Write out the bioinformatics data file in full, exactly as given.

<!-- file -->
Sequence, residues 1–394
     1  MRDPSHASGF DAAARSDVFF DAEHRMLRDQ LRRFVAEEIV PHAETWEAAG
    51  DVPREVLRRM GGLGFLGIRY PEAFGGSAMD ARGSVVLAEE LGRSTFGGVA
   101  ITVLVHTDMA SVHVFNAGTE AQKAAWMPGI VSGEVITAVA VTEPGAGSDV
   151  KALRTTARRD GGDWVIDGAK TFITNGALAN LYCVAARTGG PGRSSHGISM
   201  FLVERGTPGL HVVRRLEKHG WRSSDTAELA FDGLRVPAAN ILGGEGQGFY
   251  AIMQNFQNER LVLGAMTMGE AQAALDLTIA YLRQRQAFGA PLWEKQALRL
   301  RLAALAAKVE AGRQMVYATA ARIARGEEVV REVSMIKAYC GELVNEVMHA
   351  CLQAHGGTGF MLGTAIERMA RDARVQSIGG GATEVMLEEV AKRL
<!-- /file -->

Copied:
Sequence, residues 1–394
     1  MRDPSHASGF DAAARSDVFF DAEHRMLRDQ LRRFVAEEIV PHAETWEAAG
    51  DVPREVLRRM GGLGFLGIRY PEAFGGSAMD ARGSVVLAEE LGRSTFGGVA
   101  ITVLVHTDMA SVHVFNAGTE AQKAAWMPGI VSGEVITAVA VTEPGAGSDV
   151  KALRTTARRD GGDWVIDGAK TFITNGALAN LYCVAARTGG PGRSSHGISM
   201  FLVERGTPGL HVVRRLEKHG WRSSDTAELA FDGLRVPAAN ILGGEGQGFY
   251  AIMQNFQNER LVLGAMTMGE AQAALDLTIA YLRQRQAFGA PLWEKQALRL
   301  RLAALAAKVE AGRQMVYATA ARIARGEEVV REVSMIKAYC GELVNEVMHA
   351  CLQAHGGTGF MLGTAIERMA RDARVQSIGG GATEVMLEEV AKRL